Yip, Yip, Yip, Yip and a few yodels are the sounds that you will be hearing more often around the trails and neighborhoods here in your neighborhood as young coyotes start emerging from their dens to start hunting with their families.

The Coyote (Canis latrans) is actually a member of the dog family and is found throughout North America from the deserts to the mountains. They typically weigh around 40lbs, are about 4-5 ft long and stand 15-20″ at the shoulder.

The mating season for coyotes is Jan through March and with a gestation period of about 60 days, the pups are born April through June. Although coyotes do not hibernate, they do dig out dens or enlarge existing abandoned dens for raising their pups and for sleeping. A female coyote will have only one litter of 3-9 puppies per year and spend most of the early period of the pups’ lives in and around the den. The pups are born blind but start opening their eyes after 2 weeks and emerge from the dens to explore soon afterwards. The pups will nurse for 5-7 weeks but actually start eating small amounts of regurgitated food that the father brings home after a hunt. The female starts teaching the pups how to hunt for themselves by the time they are 10-12 weeks old and by late fall they are out on their own!

Coyotes hunt for small rodents, sometimes stalking them for 20 minutes before pouncing on them. They will also eat fish, insects, vegetables, and fruits, especially berries and scavenge for leftovers from other hunters or our trash cans if we’re not careful to keep them covered well. With coyotes all around us here in San Diego, you have probably seen several small piles of coyote scat in the middle of a trail or side walk. (You may have been wondering why one of your neighbors “forgot” to pick up their dog’s poop!) Interestingly, coyotes typically poop right in the middle of a trail – this helps mark their territory – whereas our dogs usually move off to the side of the trail or walkway. If you look closely (I know, yuck!) Coyote scat is filled with bits of fur and bones and berries.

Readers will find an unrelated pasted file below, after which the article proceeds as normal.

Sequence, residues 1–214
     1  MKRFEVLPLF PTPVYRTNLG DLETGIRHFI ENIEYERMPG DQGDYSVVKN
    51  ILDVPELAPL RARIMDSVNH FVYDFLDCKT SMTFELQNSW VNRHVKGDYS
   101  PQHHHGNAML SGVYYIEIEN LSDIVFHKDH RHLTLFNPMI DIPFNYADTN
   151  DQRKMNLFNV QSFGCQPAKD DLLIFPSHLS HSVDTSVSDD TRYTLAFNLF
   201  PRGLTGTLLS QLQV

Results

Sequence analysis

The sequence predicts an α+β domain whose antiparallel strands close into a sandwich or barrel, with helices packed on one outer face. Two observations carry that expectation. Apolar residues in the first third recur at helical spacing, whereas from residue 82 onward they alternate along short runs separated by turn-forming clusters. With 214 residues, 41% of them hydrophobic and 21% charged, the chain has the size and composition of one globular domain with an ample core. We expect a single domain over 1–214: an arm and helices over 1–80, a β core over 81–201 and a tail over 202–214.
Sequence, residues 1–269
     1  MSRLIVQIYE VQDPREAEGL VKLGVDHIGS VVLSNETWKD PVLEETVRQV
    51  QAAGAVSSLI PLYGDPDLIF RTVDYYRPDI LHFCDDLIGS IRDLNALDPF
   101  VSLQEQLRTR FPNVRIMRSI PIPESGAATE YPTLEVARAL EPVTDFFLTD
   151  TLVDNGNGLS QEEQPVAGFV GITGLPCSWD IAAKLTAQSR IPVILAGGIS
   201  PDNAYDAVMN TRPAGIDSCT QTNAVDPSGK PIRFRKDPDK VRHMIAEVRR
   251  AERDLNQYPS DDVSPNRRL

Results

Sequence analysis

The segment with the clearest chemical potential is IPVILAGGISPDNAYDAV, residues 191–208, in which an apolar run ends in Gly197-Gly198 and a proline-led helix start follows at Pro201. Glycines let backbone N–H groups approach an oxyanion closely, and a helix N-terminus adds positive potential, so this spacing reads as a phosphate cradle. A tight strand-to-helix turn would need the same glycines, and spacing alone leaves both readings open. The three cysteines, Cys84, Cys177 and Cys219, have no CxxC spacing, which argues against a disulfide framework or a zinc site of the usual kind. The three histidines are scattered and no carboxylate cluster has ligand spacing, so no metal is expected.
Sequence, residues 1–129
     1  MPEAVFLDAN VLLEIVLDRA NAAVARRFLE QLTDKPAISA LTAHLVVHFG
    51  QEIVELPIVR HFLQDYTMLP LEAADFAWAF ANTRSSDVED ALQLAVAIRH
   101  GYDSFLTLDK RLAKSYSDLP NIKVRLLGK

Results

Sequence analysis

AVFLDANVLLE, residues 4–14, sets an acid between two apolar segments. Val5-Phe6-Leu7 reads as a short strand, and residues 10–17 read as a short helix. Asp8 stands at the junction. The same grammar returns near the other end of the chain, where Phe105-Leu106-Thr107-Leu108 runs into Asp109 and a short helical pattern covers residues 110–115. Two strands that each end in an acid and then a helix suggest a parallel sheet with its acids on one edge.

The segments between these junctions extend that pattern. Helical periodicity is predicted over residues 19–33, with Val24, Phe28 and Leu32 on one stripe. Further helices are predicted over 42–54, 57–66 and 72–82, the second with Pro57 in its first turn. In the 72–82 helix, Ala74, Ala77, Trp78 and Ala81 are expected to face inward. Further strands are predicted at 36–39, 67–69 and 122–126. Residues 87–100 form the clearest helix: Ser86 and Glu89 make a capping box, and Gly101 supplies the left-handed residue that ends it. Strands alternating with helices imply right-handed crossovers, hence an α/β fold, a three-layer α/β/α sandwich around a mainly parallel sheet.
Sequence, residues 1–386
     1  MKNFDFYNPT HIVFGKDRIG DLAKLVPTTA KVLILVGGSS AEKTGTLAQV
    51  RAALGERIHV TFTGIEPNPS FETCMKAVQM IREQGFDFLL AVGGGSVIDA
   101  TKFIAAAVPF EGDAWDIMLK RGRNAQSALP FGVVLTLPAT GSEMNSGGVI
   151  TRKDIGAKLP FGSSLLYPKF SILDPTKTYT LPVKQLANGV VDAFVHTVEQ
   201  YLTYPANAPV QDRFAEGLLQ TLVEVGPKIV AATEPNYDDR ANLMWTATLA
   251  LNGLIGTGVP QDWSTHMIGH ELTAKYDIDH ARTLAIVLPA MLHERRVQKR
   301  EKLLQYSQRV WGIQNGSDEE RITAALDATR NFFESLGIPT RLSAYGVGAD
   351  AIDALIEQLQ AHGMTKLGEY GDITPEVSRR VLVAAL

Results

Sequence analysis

Coyotes are crafty, elusive and opportunistic; have been known to jump right over 8 ft fences and can reach top speeds of 40 mph. I am always reminding my clients to please be aware of coyotes when you are walking your small dog around the trails, especially at dawn or dusk or leaving them unattended in your backyard because little white fluffy dogs look like bunny rabbits to hungry coyotes.

If you are lucky enough to see a coyote around town or on the trails, it will most likely be a very brief encounter as coyotes are generally shy animals and keep to themselves. They spook easily so you can usually shoo them away with a yell or by waving your arms and hands at them. Younger coyotes may be a bit more curious about you and with pupping season upon us, you may actually see more of them on the trails or even down at the baseball fields!